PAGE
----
Yucky but Traditional.  Are not some of our roasting/brewing methods of
the ritual and custom order?  And quite enjoyable too.  Think of the
various schools of thought on these subjects.   BernardLaura
  Making the world a better place one bean at a time.
  www.freshroastedforyou.com

4) From: Jeff Bensen
At 09:41 AM 1/14/2007, Bernard Gerrard wrote:
<Snip>
Bernard -
My step-mother-in-law is from St. Petersburg, having only been in the 
states about a decade. She cooks us wonderful Russian meals whenever 
we visit. I just emailed her to see if she has a recipe that she is 
willing to share. I'll let you know what she says.
- Jeff Bensen
   Palm Bay, FL

5) From: Robert Joslin
Bernard
     Until last year I wouldn't have given a *tourist* very good odds on
obtaining quality greens.  My opinion changed somewhat after May when my
wife, returning from a medical mission to Guatemala, brought me 9 pounds of
beans.   I accepted with thanks, not expecting much, but they all turned out
to be excellent coffees.  From the roasting log I see one, a San Pedro
Volcan (from Atitlan area I believe) was just exceptional.  Carried 15
seconds into 2nd crack, it was as good as any coffee I have ever roasted.
So I suppose it is possible for someone other than a coffee buyer to get
lucky and occasionally grab some really good stuff.  I'm sure the odds go up
if you know someone with local connections.   (Try the U.S. Consulate in
Managua!? :-)
     I can't speak to the legality of the issue, but my wife and several
other members of her group brought back beans with no
problems.
                                               Josh
On 1/14/07, Bernard Gerrard  wrote:
<Snip>

6) From: Lynne Biziewski
Bernard -
Glad you like the fact that our OT subjects are as varied as SM's coffee
varieties!
Just want to mention that I met a neighbor in my new neighborhood who is
from Nicaragua. I will ask her the next time I see her if she has any
suggestions about buying green coffee beans there.
Lynne

7) From: Sandy Andina
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Oh, how I wish I did!  There used to be a cafe, in the Southcenter  
Mall outside Seattle (a smaller branch in Bellevue was not quite as  
good) called Olive's East. They sold coffees, teas and spices at the  
retail counter up front; but on the cafe menu, the piroshki were to  
die for.  I can still taste them (and the accompanying salad with  
parmesan dressing) 29 years later!  (And they poured a delectable and  
buttery-tangy house blend that was mostly Guatemalan and Costa Rican).
On Jan 14, 2007, at 8:41 AM, Bernard Gerrard wrote:
<Snip>
Sandy
www.sandyandina.com
www.sass-music.com
--Apple-Mail-180--596359291
Content-Transfer-Encoding: quoted-printable
Content-Type: text/html;
	charsetO-8859-1
Oh, how I wish I did!  There =
used to be a cafe, in the Southcenter Mall outside Seattle (a smaller =
branch in Bellevue was not quite as good) called Olive's East. They sold =
coffees, teas and spices at the retail counter up front; but on the cafe =
menu, the piroshki were to die for.  I can still taste them (and the =
accompanying salad with parmesan dressing) 29 years later!  (And they =
poured a delectable and buttery-tangy house blend that was mostly =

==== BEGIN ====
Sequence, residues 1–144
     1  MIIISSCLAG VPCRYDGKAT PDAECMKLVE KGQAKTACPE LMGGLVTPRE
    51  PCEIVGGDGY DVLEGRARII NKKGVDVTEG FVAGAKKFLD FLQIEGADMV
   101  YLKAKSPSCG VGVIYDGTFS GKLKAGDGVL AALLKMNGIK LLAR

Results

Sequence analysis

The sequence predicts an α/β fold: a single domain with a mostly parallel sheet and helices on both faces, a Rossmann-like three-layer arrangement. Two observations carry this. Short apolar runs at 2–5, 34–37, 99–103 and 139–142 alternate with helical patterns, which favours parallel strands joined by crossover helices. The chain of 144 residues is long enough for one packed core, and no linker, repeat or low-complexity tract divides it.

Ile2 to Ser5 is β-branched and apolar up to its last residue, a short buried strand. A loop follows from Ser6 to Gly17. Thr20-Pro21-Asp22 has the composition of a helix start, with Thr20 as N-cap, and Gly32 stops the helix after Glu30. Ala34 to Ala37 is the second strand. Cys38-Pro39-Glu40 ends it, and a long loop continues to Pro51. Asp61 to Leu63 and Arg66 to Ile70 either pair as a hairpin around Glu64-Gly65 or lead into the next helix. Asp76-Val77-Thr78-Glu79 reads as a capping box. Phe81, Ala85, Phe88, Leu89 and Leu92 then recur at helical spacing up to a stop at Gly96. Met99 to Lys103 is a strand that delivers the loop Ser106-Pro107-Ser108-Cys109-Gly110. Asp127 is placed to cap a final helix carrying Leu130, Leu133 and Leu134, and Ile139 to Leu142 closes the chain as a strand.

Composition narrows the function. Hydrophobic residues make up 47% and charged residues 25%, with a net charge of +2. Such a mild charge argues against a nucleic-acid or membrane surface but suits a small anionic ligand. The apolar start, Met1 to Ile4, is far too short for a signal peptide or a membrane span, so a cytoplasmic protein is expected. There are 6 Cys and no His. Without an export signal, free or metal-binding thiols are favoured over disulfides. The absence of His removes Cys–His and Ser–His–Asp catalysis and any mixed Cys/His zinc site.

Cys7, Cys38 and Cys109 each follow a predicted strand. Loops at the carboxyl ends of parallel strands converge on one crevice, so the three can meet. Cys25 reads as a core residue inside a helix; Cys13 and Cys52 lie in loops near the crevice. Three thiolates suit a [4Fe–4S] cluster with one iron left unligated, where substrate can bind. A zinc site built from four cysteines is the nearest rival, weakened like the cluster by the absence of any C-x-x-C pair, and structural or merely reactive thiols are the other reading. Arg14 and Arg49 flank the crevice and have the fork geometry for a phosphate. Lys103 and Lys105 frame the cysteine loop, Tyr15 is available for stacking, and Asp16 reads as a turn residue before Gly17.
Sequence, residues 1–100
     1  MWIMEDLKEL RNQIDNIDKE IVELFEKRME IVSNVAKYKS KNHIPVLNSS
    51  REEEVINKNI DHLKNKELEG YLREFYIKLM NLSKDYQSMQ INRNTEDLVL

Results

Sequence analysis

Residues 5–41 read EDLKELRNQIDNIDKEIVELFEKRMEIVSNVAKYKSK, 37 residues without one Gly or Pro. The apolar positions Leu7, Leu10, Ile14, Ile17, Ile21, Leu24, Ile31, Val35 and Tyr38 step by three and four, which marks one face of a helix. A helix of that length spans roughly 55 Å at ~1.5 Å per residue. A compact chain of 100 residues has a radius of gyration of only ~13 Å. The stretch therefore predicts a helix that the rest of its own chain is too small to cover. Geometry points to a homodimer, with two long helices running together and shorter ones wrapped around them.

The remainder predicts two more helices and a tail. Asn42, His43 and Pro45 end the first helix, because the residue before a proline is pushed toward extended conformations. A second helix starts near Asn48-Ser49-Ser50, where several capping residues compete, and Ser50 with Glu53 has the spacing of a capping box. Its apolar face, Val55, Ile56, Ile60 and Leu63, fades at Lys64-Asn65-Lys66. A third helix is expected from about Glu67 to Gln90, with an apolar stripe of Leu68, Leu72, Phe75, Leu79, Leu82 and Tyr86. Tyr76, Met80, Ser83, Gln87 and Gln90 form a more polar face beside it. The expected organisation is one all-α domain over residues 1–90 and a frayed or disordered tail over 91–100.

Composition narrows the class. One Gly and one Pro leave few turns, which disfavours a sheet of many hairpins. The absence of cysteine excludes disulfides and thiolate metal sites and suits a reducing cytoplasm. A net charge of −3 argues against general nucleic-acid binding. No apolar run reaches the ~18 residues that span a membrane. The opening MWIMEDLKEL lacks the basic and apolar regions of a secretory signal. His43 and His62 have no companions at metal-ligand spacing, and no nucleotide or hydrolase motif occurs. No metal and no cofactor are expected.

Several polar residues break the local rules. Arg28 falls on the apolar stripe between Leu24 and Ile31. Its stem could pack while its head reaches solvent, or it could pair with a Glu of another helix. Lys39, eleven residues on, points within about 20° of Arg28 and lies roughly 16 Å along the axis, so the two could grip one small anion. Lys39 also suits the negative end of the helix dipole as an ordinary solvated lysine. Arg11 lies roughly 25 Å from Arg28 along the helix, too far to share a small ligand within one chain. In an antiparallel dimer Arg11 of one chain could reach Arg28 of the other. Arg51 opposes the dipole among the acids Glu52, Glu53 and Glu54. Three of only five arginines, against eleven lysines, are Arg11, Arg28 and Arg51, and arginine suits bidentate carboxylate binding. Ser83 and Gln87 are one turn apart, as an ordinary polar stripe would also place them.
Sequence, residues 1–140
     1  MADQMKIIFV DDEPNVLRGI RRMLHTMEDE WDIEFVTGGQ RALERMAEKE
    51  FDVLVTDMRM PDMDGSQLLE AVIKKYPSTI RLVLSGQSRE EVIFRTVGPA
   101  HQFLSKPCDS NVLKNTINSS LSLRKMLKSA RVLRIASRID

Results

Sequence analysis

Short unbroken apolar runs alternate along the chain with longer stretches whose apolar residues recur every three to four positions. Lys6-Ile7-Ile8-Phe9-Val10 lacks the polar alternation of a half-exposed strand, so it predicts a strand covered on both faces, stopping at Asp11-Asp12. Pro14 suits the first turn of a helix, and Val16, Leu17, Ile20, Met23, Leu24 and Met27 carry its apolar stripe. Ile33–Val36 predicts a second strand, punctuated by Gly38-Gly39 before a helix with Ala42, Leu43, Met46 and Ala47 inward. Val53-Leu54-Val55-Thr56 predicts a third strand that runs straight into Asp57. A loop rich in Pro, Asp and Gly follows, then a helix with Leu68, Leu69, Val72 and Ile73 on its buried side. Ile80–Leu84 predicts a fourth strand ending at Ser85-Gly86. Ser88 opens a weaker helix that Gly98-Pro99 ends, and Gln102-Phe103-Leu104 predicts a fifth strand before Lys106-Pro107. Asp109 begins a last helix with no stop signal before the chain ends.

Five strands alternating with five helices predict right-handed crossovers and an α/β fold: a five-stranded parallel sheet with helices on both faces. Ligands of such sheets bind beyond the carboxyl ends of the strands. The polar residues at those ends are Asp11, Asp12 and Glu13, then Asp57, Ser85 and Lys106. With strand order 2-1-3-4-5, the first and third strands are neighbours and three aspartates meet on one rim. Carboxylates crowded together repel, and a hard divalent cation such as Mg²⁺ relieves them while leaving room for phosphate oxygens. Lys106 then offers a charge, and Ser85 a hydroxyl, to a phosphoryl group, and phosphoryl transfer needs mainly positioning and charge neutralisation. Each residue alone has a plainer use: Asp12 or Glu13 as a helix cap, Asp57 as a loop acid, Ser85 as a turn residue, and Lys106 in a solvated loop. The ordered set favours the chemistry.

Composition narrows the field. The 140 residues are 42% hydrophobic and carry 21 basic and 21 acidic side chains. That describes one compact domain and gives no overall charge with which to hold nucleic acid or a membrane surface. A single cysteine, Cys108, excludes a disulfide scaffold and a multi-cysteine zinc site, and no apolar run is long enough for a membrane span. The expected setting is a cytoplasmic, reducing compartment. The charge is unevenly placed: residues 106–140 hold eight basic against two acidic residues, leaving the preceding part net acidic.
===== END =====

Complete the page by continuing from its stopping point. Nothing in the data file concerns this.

Guatemalan and Costa Rican).
On Jan 14, 2007, at 8:41 AM, =
Bernard Gerrard wrote:

1.  Does anyone have a good = piroshki recipe?  These = Russian items are a yeast dough, bun like, often filled with a dill = flavored meat filling.  = An Eastern Orthodox friend used to bring me some from their = annual bazaar.  = Delicious.

Sandywww.sass-music.com
= = --Apple-Mail-180--596359291--

8) From: Ed Needham
Mmmmmm...you are about the only one getting coffee off the Haitian island 
these days!  Haiti is like a sister island to Jamaica (known for the 
fabulous Jamaica Blue Mountain coffee).  The general climate, soils type and 
altitude for growing coffee are almost exactly the same.  When I've had good 
Haitian coffee, it is as good or better than the Jamaica Blue Mountain beans 
I've had, but much cheaper since Haiti does not have the marketing machine 
that Jamaica has developed.
*********************
Ed Needham®
"to absurdity and beyond!"http://www.homeroaster.com(include [FRIEND] in subject line to get through my SPAM filters)
*********************

9) From: Laura Micucci
Hi Ed, 
   
  Our church goes at least twice a year to Haiti. We sponsor a couple of orphanages there.  We always stop at a local farm and buy beans (Jacmel).  They know their coffee and how to brew and when to serve what kind of coffee there as well.  You will get different coffee in the morning than you will in the evening. In the morning they always serve coffee with a carafe of warm milk.
   
  I started getting into home roasting when I came back from Jacmel this past summer.  One interesting thing, we stopped at a small hotel restaraunt for breakfast and coffee on our way up the mountain to see the location of a new church.  the coffee they served was a brownish red color and sweet!  I was told by someone that they roast it in a cast iron skillet with brown sugar, yum! ahhh, now I want some!  Oh well perhaps this summer again...
Ed Needham  wrote:
  Mmmmmm...you are about the only one getting coffee off the Haitian island 
these days! Haiti is like a sister island to Jamaica (known for the 
fabulous Jamaica Blue Mountain coffee). The general climate, soils type and 
altitude for growing coffee are almost exactly the same. When I've had good 
Haitian coffee, it is as good or better than the Jamaica Blue Mountain beans 
I've had, but much cheaper since Haiti does not have the marketing machine 
that Jamaica has developed.
*********************
Ed Needham®
"to absurdity and beyond!"http://www.homeroaster.com(include [FRIEND] in subject line to get through my SPAM filters)
*********************